Southern Views

Coach Gene Chizik’s first public comment after winning the national championship of college football was “God was on our side tonight.” This kind of emotion just seconds after his team kicked a last second field goal to break a tie game is certainly understandable, but shouldn’t it at least be discouraged? Am I the only one who finds the notion of God taking sides in a football game (even one for the national championship and a half million dollar bonus for the coach) at least borderline blasphemous? Does one suppose the Oregon coach was on the other side of the field feeling that if he and his players had been more worthy of God’s favor they would have been champions? I doubt it. More likely he was thinking that when it mattered most, his team was not able to stop the Auburn offense on that last drive.

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Many of us can identify with the feelings that follow on the heels of a close call that ended well, like a narrowly avoided car crash, or a miraculous recovery from a dreaded disease. First there is blessed relief then, perhaps, a thought like “Why me?. Am I worthy of this grace? Is there a purpose to this event? Is God trying to tell me something?”  And so the thought forms that maybe this outcome is God’s work. All this is human, understandable and perhaps should be expected, but should it be voiced on national television after an athletic contest?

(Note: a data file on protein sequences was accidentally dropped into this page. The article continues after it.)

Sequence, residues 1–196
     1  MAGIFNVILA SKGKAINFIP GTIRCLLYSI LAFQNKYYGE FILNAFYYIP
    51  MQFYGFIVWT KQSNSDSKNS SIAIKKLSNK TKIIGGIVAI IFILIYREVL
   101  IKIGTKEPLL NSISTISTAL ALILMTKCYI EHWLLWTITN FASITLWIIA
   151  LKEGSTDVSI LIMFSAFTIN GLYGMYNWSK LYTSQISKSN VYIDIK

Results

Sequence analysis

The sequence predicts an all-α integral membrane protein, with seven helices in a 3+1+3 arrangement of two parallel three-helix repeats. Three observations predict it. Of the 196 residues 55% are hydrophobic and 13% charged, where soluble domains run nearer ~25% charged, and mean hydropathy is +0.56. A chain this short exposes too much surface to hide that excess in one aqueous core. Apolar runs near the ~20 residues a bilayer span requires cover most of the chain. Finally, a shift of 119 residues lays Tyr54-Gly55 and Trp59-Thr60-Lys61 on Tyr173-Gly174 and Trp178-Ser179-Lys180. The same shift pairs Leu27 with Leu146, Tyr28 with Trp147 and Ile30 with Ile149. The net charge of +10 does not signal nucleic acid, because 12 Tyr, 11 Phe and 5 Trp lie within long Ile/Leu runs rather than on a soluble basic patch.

What theological notion of God includes Him intervening in a football game? What conceptual construct envisions a God who allows the Holocaust to occur but can’t stand the thought of Auburn losing an important football game? I’m absolutely certain that Coach Chizik doesn’t really believe that God chose Auburn over Oregon. My guess is that in the emotion of the moment he felt so blessed that he felt a need to express it someway. Nothing wrong with that, except I wish he had found a way to do so without the implication of God favoring one team over another. Maybe it’s time for athletes and coaches to give some thought to their post game quotes. Surely there is a way to express feelings of good fortune without implying, or stating outright, that God found you or your team more worthy, and, by implication, your opponent less so.

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